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Football Super League: “Even made more presentable, the project remains at the service of the most powerful clubs”

PVery two years after the spectacular fiasco of the launch of their private European Super League, in April 2021, its promoters have not disarmed, just changed their tune by defending a revamped project.

At least they seem to have learned some lessons. The secession had been announced on a Sunday at midnight, in an atmosphere of putsch, by a pithy press release that the twelve clubs concerned had pitifully relayed without commenting on it.

Read also the analysis Article reserved for our subscribers Football Super League: why what was meant to be a revolution turned into an abortive revolt

Real Madrid, FC Barcelona and Juventus Turin are the latest separatists to openly promote the project. This time, under the aegis of the company A22 Sports Managements, a think tank-like lobbying agency, they are trying to clear the ground, and swear by the “dialogue”.

For transparency, we will see later: its only spokesperson is Bernd Reichart, a German marketing specialist, and his site only mentions “famous football clubs” with whom A22 works “to develop ideas for innovative competitions on a European scale”.

“Generate additional resources”

The formula envisaged, renamed “European Football League”pretends to give up everything that had unleashed the critics: she would be ” opened “ And “meritocratic” (without permanent members), would comprise 60 to 80 clubs divided into several divisions, and would no longer threaten the national championships. This charitable project which even promises “a minimum of 400 million euros per year dedicated to solidarity with the amateur world”claims to care about the health of players and the development of women’s football.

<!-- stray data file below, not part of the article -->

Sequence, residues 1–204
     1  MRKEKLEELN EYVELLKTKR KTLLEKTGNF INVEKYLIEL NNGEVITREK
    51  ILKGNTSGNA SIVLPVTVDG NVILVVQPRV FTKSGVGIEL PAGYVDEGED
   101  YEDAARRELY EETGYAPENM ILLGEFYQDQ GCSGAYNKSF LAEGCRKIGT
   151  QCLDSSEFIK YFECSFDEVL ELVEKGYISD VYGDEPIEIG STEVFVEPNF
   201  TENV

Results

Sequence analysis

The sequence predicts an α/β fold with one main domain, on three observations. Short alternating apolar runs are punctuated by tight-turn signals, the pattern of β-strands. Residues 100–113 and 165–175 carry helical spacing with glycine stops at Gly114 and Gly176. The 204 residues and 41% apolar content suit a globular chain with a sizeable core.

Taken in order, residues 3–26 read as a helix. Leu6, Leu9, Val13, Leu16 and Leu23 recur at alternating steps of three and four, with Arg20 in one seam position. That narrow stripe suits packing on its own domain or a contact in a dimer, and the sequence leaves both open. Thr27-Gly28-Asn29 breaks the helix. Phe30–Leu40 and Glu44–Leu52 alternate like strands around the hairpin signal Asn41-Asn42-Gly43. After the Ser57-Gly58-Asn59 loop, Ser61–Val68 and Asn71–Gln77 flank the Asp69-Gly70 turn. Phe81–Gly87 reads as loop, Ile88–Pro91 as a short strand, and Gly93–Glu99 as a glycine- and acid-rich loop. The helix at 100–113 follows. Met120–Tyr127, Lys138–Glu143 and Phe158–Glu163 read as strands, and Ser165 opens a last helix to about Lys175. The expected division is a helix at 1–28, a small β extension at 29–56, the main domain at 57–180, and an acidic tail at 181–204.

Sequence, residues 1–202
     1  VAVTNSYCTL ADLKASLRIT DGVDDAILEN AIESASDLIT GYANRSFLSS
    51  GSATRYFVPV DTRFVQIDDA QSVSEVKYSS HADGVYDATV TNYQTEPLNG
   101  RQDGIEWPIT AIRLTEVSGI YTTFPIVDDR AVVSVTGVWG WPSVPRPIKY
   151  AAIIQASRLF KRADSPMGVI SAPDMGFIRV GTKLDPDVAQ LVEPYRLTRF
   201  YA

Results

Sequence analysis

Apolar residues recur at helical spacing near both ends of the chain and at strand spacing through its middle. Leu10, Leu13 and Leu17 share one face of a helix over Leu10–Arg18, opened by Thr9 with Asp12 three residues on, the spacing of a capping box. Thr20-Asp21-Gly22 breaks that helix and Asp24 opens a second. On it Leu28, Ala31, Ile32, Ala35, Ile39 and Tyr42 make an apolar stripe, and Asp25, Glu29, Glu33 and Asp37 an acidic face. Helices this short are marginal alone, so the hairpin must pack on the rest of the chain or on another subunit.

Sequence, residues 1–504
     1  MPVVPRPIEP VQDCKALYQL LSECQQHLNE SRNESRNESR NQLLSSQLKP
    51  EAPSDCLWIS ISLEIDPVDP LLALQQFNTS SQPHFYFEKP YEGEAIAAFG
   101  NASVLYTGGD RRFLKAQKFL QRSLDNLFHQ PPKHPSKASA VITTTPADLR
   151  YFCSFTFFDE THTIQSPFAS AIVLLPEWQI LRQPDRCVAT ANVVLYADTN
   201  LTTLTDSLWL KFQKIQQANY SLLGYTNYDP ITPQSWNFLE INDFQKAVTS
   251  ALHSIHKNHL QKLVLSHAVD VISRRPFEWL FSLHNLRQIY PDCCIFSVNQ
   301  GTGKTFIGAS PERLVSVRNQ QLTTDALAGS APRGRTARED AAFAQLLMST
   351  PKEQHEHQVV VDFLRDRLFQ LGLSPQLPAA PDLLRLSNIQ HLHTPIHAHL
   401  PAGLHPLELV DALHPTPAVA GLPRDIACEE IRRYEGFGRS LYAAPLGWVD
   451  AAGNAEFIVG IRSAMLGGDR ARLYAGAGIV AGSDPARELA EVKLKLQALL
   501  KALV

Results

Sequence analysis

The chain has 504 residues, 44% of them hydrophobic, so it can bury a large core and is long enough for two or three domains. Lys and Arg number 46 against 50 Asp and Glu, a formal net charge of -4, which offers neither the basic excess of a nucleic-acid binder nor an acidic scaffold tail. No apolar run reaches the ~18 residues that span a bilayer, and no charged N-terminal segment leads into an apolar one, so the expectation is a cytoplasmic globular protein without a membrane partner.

The real motivations emerge under this varnish. Each team would play a minimum of 14 matches, instead of the current 6, which is contradictory to say the least with the desire to spare the health of footballers. Not with the aim of “generate additional resources”.

Even made more presentable, the Super League project remains at the service of the most powerful clubs, to award them a bigger slice of a bigger pie.

Cleverly, the approach is based on the – accurate – diagnosis of a European football undermined by the polarization between the rich clubs and the others, by the financial hegemony of the Premier League and by the distorted competition of “club-States” , properties of sovereign wealth funds. It is hard to understand, however, how the Super League, the culmination of this elitist drift, which intended to rally these club-states and six English teams, was able to metamorphose into a program promising sporting fairness, its supporters adopting today the arguments of those who had disavowed it yesterday.

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